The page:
Without evidence of benefit, an intervention should not be presumed to be beneficial or safe.

- Rogue Medic

Unreasonable Fear of Hypotension and High-Dose NTG – Part I

ResearchBlogging.org
 

Peter Canning writes about a study of high-dose SL (SubLingual) NTG (NiTroGlycerin – GTN GlycerylTriNitrate in Commonwealth countries) by EMS for CHF (Congestive Heart Failure).[1]

I have some problems with the study.
 


Click on images to make them larger.
 

This is just moderate-dose, not high-dose.

I have had protocols that allow for more aggressive dosing (every 3-5 minutes) going back to 2008.[2]
 


 

I have probably given more triple-dose NTG than was given to the entire intervention group. I have given over 50 SL NTG to just one patient, while they only managed to give a total of 87 tablets in 29 triple doses in the entire study.
 


 

It is good to provide more evidence that multiple dose NTG is safe, but we have had good evidence that prehospital high-dose IV NTG dramatically improves outcomes since the 1990s.

We need more prehospital aggressive IV (IntraVenous) NTG research.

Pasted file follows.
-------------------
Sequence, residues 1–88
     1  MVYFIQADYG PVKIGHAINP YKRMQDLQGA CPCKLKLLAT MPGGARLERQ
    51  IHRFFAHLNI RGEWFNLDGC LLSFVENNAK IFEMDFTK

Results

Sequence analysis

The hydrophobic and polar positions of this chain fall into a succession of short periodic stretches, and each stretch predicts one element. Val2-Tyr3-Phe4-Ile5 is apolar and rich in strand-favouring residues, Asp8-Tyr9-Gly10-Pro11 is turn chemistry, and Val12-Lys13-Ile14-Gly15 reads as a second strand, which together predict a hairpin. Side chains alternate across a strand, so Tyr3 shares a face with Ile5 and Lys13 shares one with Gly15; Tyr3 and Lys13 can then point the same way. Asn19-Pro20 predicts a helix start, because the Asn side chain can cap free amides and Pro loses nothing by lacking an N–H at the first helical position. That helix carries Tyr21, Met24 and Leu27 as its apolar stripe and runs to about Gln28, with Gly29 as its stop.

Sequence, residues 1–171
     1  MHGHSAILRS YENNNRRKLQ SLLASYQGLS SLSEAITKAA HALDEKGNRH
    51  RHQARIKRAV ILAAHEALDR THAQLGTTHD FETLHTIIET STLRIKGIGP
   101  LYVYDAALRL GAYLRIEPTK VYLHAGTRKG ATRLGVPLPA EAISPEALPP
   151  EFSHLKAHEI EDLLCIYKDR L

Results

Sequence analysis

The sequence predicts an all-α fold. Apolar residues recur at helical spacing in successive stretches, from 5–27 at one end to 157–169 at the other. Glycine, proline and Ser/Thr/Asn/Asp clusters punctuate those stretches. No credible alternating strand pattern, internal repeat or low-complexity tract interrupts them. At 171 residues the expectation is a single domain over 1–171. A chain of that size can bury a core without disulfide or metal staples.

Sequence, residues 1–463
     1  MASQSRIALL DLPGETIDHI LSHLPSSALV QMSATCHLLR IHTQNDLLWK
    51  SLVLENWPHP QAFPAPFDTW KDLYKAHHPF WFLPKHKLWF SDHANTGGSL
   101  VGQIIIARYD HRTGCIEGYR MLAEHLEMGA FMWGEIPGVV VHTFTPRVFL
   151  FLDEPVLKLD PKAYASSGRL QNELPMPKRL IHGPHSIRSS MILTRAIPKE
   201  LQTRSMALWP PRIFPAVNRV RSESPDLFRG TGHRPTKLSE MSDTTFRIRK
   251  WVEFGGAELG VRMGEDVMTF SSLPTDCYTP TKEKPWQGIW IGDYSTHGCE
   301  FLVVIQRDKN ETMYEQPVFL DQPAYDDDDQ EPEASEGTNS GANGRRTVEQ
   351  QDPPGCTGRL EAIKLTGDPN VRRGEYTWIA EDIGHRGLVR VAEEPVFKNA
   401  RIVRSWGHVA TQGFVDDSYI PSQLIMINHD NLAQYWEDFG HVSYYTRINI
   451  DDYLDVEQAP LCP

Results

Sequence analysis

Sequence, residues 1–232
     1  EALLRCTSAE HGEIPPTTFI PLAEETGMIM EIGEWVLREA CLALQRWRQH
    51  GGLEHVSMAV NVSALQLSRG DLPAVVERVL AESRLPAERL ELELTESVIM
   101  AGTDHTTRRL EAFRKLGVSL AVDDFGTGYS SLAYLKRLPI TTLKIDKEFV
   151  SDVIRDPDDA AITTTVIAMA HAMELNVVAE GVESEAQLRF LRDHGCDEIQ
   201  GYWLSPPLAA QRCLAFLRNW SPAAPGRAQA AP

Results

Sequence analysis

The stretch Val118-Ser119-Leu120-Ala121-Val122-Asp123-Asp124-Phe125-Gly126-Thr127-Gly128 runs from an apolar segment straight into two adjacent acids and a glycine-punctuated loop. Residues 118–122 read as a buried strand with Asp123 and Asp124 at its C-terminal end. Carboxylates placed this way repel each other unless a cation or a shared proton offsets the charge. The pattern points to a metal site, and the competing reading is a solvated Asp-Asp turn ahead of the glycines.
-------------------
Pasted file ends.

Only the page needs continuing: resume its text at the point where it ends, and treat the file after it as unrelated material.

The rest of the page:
Administration of high-dose nitroglycerin is an effective treatment that has been shown to improve the respiratory symptoms associated with ADHF, and decrease the incidence of death due to myocardial infarction and mechanical ventilation, particularly when initiated early.4 – 6 [3]

 

I agree with that.

However, EMS is the best earliest place to start IV NTG.
 

From 1984 through 1991, new guidelines for the use of intravenous nitrates, based on differential treatment according to blood pressure, were in use.

RESULTS:
Overall prehospital mortality rate for APE in all patients was 7.8% (50 of of 640 patients). Mortality after 1984 was significantly lower than before (5.3% versus 13%, P < .01). Nitrates were effective in reducing mortality, even in hypotensive patients. Multivariate analysis showed that outcome was significantly affected by two clinical features (dyspnea and low blood pressure), treatment with nitrates, and calendar period effects (before/after 1984).
[4]

 

Not just hypertensive patients, but also hypotensive patients benefited from EMS IV NTG!

Nitrates were effective in reducing mortality, even in hypotensive patients.

The CHF death rate dropped from 13% all the way down to 5.3%
 


 

Am I complaining that the current study is useless?

Not at all.

There is some excellent information that debunks much of the dogma against multiple-dose NTG.
 


Look at the cases of hypotension – systolic blood pressure less than 100 mm/Hg.

3 cases, but only in the double dose group.

All of the hypotension went away without any treatment.

Zero cases in the triple dose group and the quadruple dose patient did not become hypotensive.
 

For CHF, more NTG does not produce more of a drop in blood pressure.
 

Disagree?

Provide evidence, not anecdotes.

Part II will look at the evidence of safety from this study more closely.

Also see –